True Animation

Steven Spielberg wants his forthcoming movie The Adventures of Tintin, made with performance capture technology, to compete in the Academy Awards’ animated film category. Steven Paul Leiva argues that it is ineligible in his essay for the Los Angeles Times.

Leiva, last mentioned here as organizer of Los Angeles’ official celebration of Ray Bradbury’s 90th birthday, has worked over 20 years in the animation field, as director of animation development for producer Gary Kurtz, president of Chuck Jones Productions and a producer on Space Jam.

Motion/performance capture typically samples the movements of one or more actors many times per second. Then this animation data is mapped to a 3D model so that the model performs the same actions as the actor. Leiva says this process is alien from the true animation that the Oscar category is intended to honor:

In true animation, whether it be the vaudeville fables of the Looney Tunes, the fairy-tale romances of Disney or the deeply human performances in Pixar’s “The Incredibles” and “Up” life is created literally from scratch — the scratch of a pencil on paper — and should not be confused with the embellished documentation of life preexisting.

To include a performance capture film in the category of best animated picture would be a mistake; for it to be nominated and win would be a travesty.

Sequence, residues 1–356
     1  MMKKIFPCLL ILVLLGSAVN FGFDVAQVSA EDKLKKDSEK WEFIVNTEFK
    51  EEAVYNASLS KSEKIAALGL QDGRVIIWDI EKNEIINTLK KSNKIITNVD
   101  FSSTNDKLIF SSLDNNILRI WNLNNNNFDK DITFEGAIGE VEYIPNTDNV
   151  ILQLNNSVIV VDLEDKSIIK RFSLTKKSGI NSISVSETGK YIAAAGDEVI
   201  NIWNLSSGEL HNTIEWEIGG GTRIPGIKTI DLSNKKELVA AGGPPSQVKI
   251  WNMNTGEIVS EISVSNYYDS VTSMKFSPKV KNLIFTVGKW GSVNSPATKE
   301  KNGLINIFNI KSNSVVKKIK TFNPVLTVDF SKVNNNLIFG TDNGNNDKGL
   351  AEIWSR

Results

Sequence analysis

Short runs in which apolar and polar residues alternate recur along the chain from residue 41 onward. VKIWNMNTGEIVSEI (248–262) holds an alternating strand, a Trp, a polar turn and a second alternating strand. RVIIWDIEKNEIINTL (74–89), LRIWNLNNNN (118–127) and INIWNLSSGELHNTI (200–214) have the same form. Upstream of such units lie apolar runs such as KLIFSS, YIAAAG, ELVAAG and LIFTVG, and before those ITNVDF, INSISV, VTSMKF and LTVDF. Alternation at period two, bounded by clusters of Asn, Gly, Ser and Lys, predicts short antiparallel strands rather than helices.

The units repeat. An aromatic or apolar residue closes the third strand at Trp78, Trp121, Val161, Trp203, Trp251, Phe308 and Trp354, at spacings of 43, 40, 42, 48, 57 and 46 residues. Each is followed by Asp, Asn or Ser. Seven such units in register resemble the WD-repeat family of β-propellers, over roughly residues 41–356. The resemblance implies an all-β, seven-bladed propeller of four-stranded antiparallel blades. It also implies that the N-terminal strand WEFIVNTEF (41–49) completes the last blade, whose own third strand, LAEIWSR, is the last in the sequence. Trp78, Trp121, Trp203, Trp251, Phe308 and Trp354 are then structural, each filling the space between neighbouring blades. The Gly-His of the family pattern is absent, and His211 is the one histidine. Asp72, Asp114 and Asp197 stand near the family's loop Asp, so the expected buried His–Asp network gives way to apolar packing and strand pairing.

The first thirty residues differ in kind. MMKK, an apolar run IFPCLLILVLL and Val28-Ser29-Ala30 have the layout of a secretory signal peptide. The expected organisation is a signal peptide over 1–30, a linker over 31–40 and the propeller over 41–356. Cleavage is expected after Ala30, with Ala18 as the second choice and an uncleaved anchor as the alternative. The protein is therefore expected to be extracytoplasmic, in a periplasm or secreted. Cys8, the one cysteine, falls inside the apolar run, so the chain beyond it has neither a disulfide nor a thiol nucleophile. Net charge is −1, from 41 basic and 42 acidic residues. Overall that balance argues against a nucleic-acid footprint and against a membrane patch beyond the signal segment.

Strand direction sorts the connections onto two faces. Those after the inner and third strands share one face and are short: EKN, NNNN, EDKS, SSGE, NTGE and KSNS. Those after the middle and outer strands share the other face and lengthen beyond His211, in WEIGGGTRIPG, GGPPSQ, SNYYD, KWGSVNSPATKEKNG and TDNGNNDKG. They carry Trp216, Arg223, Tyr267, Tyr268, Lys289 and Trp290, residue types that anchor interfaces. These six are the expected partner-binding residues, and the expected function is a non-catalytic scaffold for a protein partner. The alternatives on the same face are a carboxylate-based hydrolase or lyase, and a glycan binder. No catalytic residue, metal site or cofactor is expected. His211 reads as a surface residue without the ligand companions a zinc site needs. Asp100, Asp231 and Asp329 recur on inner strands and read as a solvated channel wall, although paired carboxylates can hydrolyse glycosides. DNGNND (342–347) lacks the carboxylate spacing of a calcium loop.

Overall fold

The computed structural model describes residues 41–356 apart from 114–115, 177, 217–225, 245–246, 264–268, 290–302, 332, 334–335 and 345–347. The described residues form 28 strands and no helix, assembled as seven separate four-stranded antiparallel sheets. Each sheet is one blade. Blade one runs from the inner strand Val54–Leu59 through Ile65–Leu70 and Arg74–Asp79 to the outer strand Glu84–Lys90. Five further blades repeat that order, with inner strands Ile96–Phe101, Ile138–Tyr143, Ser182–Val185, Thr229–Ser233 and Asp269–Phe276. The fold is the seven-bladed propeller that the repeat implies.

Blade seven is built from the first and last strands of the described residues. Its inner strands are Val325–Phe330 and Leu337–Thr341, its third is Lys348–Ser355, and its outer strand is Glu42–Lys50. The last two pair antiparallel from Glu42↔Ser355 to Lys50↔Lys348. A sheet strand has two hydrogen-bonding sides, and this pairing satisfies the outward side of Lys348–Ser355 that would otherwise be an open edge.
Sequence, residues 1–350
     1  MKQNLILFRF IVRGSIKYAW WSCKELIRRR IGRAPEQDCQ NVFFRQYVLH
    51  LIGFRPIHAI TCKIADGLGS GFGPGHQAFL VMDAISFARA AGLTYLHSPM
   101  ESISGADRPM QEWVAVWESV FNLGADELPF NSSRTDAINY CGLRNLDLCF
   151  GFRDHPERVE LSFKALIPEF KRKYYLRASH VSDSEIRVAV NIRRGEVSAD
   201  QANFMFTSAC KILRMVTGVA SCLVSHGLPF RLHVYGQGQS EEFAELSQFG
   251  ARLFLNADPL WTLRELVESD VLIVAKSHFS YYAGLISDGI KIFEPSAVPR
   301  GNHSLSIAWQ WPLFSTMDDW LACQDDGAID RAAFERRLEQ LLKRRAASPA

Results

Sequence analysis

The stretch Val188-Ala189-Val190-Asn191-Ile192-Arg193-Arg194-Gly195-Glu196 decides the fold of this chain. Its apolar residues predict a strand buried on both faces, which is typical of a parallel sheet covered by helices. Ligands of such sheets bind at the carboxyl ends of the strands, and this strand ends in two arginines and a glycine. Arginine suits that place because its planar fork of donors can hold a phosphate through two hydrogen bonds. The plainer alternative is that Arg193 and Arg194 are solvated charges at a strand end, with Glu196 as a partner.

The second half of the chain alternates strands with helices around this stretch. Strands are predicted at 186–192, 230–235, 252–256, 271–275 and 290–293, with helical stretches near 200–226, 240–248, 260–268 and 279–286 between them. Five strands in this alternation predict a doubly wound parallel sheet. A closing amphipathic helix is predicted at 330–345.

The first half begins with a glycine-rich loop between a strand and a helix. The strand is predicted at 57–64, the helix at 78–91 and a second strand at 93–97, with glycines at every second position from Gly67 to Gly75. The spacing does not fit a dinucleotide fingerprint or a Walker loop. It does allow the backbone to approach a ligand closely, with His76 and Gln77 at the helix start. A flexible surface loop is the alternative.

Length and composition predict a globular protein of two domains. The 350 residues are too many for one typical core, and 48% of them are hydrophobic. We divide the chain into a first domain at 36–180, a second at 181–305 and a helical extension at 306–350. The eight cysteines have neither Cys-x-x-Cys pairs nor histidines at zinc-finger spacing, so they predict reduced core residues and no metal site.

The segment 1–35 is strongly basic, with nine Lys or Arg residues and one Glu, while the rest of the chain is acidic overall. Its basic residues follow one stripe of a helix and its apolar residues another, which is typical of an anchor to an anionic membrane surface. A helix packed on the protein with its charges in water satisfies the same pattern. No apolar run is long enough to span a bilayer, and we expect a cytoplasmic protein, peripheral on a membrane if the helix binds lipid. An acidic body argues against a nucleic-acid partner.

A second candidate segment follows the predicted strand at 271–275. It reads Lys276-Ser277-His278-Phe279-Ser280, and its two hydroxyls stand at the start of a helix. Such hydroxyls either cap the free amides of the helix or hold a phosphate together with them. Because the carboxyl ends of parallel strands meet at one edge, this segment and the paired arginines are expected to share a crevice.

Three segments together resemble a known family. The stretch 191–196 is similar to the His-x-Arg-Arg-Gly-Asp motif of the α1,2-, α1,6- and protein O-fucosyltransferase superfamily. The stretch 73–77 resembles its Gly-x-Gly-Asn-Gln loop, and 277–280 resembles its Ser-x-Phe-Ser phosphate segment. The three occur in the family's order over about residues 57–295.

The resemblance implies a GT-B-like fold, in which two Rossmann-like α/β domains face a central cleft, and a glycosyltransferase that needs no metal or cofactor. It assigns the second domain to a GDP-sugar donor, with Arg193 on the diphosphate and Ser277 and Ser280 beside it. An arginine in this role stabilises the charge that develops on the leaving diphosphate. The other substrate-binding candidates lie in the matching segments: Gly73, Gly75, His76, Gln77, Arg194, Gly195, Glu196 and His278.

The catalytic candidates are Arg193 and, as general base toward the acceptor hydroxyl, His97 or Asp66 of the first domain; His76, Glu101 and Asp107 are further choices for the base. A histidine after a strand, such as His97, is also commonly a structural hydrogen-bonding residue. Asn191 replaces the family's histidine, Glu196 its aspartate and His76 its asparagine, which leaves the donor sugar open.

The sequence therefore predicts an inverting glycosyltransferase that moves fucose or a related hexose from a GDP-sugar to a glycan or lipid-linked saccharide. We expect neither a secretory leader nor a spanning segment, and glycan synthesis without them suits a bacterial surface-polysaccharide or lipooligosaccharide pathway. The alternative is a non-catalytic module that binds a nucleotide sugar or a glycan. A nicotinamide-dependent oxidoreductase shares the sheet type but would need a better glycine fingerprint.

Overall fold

So far so good. Why does Leiva still need to address this controversy, when Digital Acting reported in July 2010 that the Academy of Motion Picture Arts and Sciences had announced that “motion-capture films are no longer considered eligible for the Best Animated Feature Film category”? Because a Paramount spokeswoman is still making Spielberg’s argument that Tintin isn’t a just a performance capture film, says the Kansas City Star:

“Tintin” relies on motion-capture performances for most of its major characters, including Tintin (played by Jamie Bell), a pirate (Daniel Craig) and a pair of bumbling detectives (Simon Pegg and Nick Frost). But animators are working with those performances — Pegg and Frost, for instance, who are physical opposites in real life, play twins.

And Bill Kroyer, a governor of the academy’s short films and animation branch, told a Star reporter:

“If it was intended to simply be a copy of a live actor’s work, then we would not consider it animation,” Kroyer said. “At the moment, we have not determined a way to make that decision. It lies with the intention of the director.”

So the controversy lives on.

[Thanks to John King Tarpinian for the story.]